With the penetration of the Internet, one of the enabling factors for the various travel providers such as hotels is their ability to cut out the middle-men, i.e., the travel agents. The only way the can afford to do this, or they claim to do this, is by promising that they are putting out the best available rates on their websites, and no one else is going to be lower.
The hotel business does have a lot more commissions as compared to the airline business, which works on wafer thin margins for the agents now. Hence, the ability to discount for a travel agency is much more, and they do it all the time.
What do I stand to lose, if I book via third-parties? I don’t get my status related benefits, which can be okay for a one-off traveller, but when you’re a road warrior, you definitely need these privileges.
Most times, I am not so worried about pricing, because I’m booked up via corporate contracts. But there are also times when I want to go to places inside the network of hotels for leisure. Last month, on a trip to Jaipur, it turned out so.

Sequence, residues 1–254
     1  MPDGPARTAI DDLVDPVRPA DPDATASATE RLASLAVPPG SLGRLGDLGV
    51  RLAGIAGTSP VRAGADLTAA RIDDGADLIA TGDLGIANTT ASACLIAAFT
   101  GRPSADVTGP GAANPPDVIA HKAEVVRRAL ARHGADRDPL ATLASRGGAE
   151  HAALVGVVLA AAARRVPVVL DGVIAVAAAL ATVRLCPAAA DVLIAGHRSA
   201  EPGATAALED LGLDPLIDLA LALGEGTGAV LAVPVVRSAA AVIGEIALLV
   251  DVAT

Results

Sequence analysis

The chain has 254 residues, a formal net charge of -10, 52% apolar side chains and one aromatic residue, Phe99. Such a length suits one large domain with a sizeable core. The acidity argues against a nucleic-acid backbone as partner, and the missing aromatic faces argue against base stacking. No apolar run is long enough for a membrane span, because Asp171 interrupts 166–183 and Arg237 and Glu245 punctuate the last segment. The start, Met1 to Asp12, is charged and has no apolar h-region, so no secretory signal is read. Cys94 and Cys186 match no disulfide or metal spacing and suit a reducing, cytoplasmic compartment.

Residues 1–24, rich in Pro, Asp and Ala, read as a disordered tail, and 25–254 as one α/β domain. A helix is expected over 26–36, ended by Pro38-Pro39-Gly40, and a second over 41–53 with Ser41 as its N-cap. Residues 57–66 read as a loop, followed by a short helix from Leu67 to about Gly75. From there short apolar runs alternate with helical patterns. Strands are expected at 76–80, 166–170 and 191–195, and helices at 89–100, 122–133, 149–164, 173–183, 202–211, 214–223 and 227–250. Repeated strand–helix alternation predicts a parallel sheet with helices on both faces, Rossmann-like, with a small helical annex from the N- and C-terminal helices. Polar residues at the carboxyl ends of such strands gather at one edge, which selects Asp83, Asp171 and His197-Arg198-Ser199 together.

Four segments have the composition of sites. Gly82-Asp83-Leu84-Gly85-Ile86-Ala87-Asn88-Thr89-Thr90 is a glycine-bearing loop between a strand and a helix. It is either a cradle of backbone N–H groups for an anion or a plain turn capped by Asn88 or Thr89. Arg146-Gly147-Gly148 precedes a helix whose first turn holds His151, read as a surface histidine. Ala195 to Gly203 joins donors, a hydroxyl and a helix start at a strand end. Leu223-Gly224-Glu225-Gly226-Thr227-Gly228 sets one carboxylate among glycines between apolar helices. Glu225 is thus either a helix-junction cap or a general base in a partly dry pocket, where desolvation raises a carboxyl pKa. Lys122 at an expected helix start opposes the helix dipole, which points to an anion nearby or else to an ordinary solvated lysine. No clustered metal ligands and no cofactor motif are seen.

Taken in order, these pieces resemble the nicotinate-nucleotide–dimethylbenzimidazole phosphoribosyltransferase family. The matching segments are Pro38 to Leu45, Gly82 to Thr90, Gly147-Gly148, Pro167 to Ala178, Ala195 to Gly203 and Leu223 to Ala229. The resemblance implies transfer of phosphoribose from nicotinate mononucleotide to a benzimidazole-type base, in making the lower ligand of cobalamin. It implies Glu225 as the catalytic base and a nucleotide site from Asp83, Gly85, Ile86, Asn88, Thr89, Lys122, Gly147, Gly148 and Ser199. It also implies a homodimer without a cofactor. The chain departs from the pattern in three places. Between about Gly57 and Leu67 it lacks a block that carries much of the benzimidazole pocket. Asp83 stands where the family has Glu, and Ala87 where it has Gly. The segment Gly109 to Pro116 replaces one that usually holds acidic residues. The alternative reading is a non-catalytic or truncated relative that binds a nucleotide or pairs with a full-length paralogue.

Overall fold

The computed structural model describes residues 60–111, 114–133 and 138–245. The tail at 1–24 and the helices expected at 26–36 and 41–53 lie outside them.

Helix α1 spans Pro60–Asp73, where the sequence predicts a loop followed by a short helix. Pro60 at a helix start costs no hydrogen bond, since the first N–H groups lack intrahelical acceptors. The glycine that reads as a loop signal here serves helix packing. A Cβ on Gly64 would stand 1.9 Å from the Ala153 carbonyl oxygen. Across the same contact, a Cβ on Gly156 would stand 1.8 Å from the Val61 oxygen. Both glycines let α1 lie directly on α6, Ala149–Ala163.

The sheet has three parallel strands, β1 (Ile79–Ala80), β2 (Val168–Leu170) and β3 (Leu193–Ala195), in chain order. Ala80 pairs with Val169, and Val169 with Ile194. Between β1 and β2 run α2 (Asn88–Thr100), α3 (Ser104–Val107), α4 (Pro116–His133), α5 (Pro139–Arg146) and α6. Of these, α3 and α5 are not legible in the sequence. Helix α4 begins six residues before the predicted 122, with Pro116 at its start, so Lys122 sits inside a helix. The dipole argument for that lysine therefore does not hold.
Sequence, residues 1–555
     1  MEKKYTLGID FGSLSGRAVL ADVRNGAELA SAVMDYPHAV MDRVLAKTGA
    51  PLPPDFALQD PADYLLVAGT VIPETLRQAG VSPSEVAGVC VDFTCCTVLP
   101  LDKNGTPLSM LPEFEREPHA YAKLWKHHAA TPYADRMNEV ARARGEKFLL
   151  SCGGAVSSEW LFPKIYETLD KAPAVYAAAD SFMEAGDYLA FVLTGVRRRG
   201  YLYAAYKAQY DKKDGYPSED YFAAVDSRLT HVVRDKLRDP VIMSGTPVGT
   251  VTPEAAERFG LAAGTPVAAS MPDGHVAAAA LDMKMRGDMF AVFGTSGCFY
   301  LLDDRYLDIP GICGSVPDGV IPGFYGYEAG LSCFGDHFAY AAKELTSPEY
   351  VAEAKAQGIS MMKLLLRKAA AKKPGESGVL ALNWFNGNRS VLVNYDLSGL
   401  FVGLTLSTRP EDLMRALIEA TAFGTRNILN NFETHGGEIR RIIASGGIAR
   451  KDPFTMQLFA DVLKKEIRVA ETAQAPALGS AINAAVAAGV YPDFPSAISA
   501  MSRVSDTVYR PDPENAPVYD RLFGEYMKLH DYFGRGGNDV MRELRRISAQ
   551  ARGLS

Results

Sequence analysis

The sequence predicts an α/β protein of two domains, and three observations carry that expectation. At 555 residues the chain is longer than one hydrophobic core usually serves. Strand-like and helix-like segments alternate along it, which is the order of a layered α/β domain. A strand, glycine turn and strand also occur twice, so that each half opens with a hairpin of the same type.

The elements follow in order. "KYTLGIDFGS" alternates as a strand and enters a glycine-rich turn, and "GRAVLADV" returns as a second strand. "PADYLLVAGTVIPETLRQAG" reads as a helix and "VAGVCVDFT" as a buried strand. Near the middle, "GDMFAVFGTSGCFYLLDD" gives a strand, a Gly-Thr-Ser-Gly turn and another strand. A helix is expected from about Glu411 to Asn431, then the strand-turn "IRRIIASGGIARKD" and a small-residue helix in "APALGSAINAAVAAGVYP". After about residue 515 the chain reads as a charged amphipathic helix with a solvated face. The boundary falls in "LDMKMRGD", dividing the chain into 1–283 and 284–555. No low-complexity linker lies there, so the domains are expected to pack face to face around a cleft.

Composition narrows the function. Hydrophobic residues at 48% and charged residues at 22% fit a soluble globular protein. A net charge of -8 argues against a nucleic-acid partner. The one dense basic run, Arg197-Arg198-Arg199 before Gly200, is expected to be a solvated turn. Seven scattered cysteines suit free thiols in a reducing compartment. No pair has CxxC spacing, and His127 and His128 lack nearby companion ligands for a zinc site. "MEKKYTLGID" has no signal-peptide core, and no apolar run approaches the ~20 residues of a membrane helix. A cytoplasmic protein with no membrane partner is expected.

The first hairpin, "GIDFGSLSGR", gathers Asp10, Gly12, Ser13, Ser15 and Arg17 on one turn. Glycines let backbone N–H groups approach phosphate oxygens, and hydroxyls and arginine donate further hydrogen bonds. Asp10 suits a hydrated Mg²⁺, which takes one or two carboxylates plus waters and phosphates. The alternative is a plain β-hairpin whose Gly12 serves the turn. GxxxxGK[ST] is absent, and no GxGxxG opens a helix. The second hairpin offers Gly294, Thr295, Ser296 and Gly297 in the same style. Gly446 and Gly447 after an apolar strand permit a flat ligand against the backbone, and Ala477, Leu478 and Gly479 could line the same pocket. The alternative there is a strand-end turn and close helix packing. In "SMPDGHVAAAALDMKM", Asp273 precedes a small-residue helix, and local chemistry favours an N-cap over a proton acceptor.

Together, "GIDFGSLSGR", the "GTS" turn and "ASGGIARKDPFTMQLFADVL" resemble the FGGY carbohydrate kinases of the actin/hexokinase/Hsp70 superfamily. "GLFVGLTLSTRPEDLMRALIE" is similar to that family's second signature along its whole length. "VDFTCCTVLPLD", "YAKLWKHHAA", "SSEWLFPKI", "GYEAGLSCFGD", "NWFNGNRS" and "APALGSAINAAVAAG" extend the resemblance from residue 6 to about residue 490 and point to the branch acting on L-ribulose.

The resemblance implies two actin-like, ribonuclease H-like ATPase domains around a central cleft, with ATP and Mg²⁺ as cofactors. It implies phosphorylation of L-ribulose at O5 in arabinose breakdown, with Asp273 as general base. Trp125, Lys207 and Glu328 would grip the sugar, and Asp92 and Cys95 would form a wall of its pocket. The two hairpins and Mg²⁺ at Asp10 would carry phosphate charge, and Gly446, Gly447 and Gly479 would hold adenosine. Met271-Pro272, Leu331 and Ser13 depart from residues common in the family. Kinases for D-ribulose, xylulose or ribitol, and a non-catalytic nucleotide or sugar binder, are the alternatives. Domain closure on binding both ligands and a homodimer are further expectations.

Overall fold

I booked up the Four Points by Sheraton, Jaipur for my overnight trip. However, I realised that the hotel was selling a better deal via Cleartrip.com. If I bought the same rate from Starwood as the Cleartrip one, they were selling it for 10% extra. In fact, Cleartrip was advertising the same rate as Starwood and scratching it. Here is a screenshot from Cleartrip:
Anyhow, I did not expect much. The first time around, Starwood refused the BRG claim, stating the rate at Cleartrip.com was an on request price, which meant that once I asked for a room to be booked, they’d go back to the hotel and ask for them to book a room within 48-72 hours. That got me all red in my face, because they were denying the claim on a technicality that was wrong!
So I wrote back to Starwood explaining the situation again, and it did take a bit of back and forth to explain to them what was happening. It is stupid although for a claim desk to be sitting in the USA and processing a BRG claim in another part of the world where they at least did not understand the technicalities or the local currency and so on.
Fortunately, the claim was approved, and I was offered a further 10% discount on the competing rate, or 2000 Starpoints extra for the stay. Guess what did I choose?
Bottomline: it is always a good idea to compare rates while booking. Sometimes, those few minutes will help you with a lot of points or discounts.